Making his way downstairs, he heard snoring from the drawing room and found Ron asleep on the sofa, his head resting in Hermione’s lap. Also asleep, she lay with her head back and mouth open, her right hand lost in Ron’s red mane. A copy of Advanced Defensive Magic rested on the floor beside her bare feet, having slid from her lap at some point during the night. Harry smiled and, again, allowed himself to think of Ginny. The image of her sent an uncomfortable pang to his stomach that competed with his hunger. Thinking of his own hand weaving through her red hair, he entered the kitchen.
Expecting to find Kreacher preparing breakfast, Harry was surprised to find Mrs. Weasley standing at the stove, flipping strips of bacon with slight movements of her wand.
“Good morning, Harry, dear,” she said as he entered and sat down. “I asked Kreacher to go out for some pastries. I hope you don’t mind.”
“No, not at all, Mrs. Weasley,” Harry said, unable to stifle a yawn. “But what are you doing here?”
“It’s a big day for you,” she said. “Taking your N.E.W.T.’s. Your future as an Auror depends on what you do today, so you should have a good breakfast before you set out.”
Harry, repeating Mrs. Weasley’s words in his head, suddenly felt much less hungry than before. Watching her back as she tended to the bacon, he thought of Ginny again and, for a moment, envisioned her standing there instead of her and Ron’s mother.
“How’s Ginny?” he heard himself ask. His voice sounded as though it came from some other part of the room as though he was practicing ventriloquism.
Mrs. Weasley removed the sizzling pan from the stove and removed the bacon to a towel-covered plate to cool. Then, taking a seat across the table from Harry, she forced a smile.
“She’s fine,” she said. “The first couple of weeks were the hardest, but she’s almost back to her old self again.”
“Couple of weeks?” Harry asked.
Mrs. Weasley sighed. “Sometimes we hurt those around us more by what we don’t say than what we do.”
“I–it was only a moment of hesitation,” Harry protested, feeling as though he was shrinking in his chair. “It just took my be surprise.”
“What took you by surprise? That she told you she loved you or realizing that you love her?”
Mrs. Weasley’s question, put so directly, rendered him speechless for a long time while he considered.
“Both, I suppose,” he answered finally. “I’ve never had anyone to say it to before and–“
“I understand,” Mrs. Weasley said. “Those are powerful words if you’ve never used them before. It’s like trying an advanced spell that you’ve only read about in a textbook. Sometimes it takes practice, but when the time is right, it will come out on its own.”
Harry thought back to his third year at Hogwarts. Standing at the edge of the lake, watching Dementors swarming around himself and Sirius, he had conjured a Patronus for the first time, using a spell far beyond most students that age, one that he had attempted and failed at many times before. The Patronus had risen from him out of necessity. Would his feelings for Ginny do the same thing? Would he have an opportunity to find out?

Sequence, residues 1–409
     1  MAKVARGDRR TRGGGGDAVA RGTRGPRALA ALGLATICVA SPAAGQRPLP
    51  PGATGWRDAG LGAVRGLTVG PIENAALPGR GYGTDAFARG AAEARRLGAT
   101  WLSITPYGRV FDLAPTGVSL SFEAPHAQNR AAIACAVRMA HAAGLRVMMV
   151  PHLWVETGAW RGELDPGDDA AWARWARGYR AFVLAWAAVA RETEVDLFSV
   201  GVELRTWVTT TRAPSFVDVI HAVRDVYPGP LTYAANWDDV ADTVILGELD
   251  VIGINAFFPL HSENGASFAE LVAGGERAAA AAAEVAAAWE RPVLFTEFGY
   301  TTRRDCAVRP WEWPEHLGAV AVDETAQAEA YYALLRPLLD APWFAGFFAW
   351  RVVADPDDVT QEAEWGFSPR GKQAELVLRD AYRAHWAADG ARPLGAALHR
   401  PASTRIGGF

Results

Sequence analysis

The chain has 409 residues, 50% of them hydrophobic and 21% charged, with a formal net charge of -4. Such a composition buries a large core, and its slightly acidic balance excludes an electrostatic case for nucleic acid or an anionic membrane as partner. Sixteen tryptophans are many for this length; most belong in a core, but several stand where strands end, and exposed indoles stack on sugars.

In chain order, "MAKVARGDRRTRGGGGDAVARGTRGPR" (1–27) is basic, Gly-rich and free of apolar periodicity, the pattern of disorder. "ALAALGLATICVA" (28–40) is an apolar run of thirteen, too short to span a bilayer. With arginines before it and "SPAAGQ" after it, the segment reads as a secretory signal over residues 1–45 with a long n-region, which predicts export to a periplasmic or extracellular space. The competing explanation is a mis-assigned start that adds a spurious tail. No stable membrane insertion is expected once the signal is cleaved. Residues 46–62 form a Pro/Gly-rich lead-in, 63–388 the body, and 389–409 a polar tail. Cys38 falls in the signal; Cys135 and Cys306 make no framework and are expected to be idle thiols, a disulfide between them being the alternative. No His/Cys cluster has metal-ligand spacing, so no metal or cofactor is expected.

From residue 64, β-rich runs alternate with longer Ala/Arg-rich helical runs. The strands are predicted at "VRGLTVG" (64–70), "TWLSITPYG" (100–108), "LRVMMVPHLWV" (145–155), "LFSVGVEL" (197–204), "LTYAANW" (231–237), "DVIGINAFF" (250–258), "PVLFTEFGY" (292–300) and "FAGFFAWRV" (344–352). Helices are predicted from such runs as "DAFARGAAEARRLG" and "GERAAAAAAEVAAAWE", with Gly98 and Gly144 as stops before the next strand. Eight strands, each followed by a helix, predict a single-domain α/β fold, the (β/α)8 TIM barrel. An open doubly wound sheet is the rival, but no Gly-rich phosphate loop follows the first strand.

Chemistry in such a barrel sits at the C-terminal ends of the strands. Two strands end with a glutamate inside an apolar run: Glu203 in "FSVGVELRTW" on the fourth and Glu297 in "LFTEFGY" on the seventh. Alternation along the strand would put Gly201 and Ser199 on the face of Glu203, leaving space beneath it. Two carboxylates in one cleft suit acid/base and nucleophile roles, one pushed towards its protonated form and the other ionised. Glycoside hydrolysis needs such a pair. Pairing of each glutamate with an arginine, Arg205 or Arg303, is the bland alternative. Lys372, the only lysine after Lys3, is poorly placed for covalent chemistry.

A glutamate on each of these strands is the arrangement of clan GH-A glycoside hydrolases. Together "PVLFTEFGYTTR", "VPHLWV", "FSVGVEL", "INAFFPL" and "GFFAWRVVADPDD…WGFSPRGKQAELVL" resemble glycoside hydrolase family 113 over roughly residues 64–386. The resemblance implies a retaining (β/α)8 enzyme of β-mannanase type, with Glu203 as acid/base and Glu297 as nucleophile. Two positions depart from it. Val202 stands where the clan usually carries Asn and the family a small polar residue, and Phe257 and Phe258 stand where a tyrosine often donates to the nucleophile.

“I’m sorry,” he said to her. “For upsetting Ginny. I never–“
Mrs. Weasley waved him off. “You can only do what your capable of, Harry. The time wasn’t right for you to tell her how you feel . . . and I know how you feel about her. You look at her the same way Arthur looked at me when we first fell in love.”
Harry felt a bit awkward discussing his feelings for Ginny with her mother and was thankful when Ron entered the kitchen, Hermione in tow. His red hair stuck out from his head where her hand had rested through the night.
“What are you doing here?” Ron asked, his voice hoarse.
Mrs. Weasley ignored her son’s rude tone and stood up. “I thought I would set you lot off with breakfast before your exams. You’ll need all the strength you can get.”
Hermione brushed past Ron, scowling at him as she did, and hugged his mother. Then, collapsing in the chair Mrs. Weasley had vacated, she loaded a plate with hot bacon and buttered toast.
Ron looked at Harry and rolled his eyes. Then, leaning over to compensate for his considerable height advantage, hugged his mother, as well.
“Thanks, Mum,” he said. “I’m starving.” He took the chair next to Hermione and, copying her, fixed a plate of his own.
“You three be sure to come by after the exams,” Mrs. Weasley said, moving toward the kitchen door. “And don’t forget, Ron, that tomorrow is Ginny’s birthday.”
Mrs. Weasley spoke to her son, but looked at Harry as she said the words, giving him an almost imperceptible nod. There’s your chance, she seemed to be saying to him.
“I won’t,” Ron said, his mouth full of food.
Mrs. Weasley left, leaving the three of them in the kitchen, silent except for the sounds of forks on plates and chewing.
Hermione reached into the chair beside her and pulled out the morning’s copy of the Daily Prophet. Unfolding it, she stared at the front page and gasped.
“There’s been another bombing,” she said.
Harry, lost in contemplation over Ginny, bolted upright in his chair. “What? Where? When?”
“Yesterday,” she answered, her eyes darting back and forth as she scanned the print. “A Muggle market in Cardiff. Seven people killed.” She handed the paper over to Harry, who scanned the article himself, then flipped it to search for any more information relevant to the bombing.